Appeal Blooms with Area Enthusiasts
Orchids first appeared millions of years ago in China, Greece, and Italy, giving orchids the distinction of being one of the oldest flowering plants in the world. As ancient explorers discovered new species of orchids, they returned to their native country with their findings, which led to added interest in growing orchids. Today, interest in growing orchids is still on the rise among many gardeners, due in part to the orchid’s widespread availability, as well as its ease-of-growing, and low-maintenance characteristics.
Sowing the Seeds of Success
Even with the orchid’s global availability, there are still a few things that both first-time and experienced gardeners should remember when getting started with growing orchids. Barbara Schmidt, chair of the Education Committee at the American Orchid Society (AOS), located in Miami, Fla., asserted that available growing conditions are integral to successful orchid growth.
“The most important thing for anyone to keep in mind when deciding to grow orchids is the vast diversity of this plant family. Orchidaceae is one of the oldest families of flowering plants, appearing about 120 million years ago. Orchids have evolved to grow in a wide range of environmental conditions. There are native orchids on all of the continents, except Antarctica, and in every climate, except those that are permanently dry or permanently frozen. Currently, there are over 880 identified genera of orchids,” Schmidt pointed out.
She continued, “It’s important for a new orchid enthusiast to recognize that there is no one requirement for growing all orchids. It all depends on the genera of the orchid being raised. I teach classes on orchid care, and always tell my students that they have to first determine what type of growth conditions they can provide for an orchid. Then, pick the genera of orchids that will thrive in those growth conditions.”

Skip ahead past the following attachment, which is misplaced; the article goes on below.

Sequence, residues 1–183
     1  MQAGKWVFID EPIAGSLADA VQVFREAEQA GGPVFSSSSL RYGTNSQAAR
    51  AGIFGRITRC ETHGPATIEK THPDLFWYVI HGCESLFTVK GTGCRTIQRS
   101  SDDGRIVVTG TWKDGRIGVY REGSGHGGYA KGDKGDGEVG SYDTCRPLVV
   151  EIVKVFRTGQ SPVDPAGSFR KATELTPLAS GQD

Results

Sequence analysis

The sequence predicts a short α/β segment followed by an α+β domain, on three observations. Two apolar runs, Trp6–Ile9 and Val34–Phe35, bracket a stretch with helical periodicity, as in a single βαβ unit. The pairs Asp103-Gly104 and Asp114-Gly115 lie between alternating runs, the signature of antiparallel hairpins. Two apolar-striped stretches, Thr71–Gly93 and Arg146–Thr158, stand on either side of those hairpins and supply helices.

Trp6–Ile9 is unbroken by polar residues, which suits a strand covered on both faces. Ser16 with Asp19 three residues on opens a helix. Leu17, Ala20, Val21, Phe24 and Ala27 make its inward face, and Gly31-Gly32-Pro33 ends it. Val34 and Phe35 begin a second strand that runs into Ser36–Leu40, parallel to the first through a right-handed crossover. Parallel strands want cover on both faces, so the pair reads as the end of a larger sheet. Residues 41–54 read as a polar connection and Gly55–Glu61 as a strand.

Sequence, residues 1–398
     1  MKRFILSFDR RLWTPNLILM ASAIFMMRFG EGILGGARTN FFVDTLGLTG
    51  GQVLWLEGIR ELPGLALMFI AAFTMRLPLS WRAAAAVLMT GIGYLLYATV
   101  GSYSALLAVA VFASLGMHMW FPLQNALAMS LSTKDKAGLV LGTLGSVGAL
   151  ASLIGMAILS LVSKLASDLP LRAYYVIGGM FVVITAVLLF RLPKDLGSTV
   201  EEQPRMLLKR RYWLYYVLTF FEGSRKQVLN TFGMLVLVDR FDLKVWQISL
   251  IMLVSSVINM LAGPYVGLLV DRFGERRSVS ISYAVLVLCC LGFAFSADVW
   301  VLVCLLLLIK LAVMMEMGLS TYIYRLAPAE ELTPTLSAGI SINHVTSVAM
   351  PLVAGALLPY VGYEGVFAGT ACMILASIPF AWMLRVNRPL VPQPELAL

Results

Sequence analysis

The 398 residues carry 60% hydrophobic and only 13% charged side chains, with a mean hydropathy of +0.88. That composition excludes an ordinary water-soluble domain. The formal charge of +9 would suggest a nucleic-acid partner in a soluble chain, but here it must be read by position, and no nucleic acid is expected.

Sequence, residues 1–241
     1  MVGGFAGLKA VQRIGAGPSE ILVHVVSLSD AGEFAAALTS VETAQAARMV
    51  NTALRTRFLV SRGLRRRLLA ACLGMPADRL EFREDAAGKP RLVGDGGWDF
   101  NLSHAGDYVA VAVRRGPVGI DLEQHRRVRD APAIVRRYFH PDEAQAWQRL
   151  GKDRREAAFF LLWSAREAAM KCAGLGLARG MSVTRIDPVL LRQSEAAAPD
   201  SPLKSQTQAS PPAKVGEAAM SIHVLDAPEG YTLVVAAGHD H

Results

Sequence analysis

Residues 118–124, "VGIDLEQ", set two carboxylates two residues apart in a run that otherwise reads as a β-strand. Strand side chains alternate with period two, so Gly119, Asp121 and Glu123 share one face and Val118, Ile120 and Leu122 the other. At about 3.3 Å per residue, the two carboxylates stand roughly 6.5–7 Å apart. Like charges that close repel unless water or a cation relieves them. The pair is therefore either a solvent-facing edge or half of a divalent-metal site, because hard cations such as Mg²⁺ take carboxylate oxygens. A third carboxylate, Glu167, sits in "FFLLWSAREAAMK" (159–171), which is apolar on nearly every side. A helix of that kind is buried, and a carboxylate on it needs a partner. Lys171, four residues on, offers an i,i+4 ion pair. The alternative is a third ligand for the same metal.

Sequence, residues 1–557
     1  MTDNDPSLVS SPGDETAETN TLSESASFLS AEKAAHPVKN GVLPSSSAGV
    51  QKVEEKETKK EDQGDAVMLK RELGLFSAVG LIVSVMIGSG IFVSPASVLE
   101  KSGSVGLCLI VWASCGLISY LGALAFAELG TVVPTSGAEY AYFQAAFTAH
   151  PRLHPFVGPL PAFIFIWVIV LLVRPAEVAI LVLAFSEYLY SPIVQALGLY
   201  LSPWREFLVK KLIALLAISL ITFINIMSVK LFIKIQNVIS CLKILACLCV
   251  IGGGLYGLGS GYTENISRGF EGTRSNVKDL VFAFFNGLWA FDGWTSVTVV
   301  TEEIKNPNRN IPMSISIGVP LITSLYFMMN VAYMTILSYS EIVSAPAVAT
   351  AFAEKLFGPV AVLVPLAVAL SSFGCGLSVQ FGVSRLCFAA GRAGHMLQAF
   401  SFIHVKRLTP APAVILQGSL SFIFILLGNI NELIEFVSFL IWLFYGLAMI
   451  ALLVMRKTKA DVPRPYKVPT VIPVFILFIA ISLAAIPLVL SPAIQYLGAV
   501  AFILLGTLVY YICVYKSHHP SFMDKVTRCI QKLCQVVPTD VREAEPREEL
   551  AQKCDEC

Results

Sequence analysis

Adding to Schmidt’s comments, Rob Schneider, manager at Odom’s Orchids (a grower of orchids for more than 50 years), located in Fort Pierce, Fla., said, “The first thing to remember is that orchids are like most other plants. They need water, light, humidity, air movement, and nutrition. In this respect, they are no different than most other plants we grow. The biggest difference is that, unlike most plants that we cultivate, the majority of orchids are air plants, so they can't be grown in the ground or potting soil like most other plants. They need to be grown in special medium that lets air get to the roots, so that they don't rot.”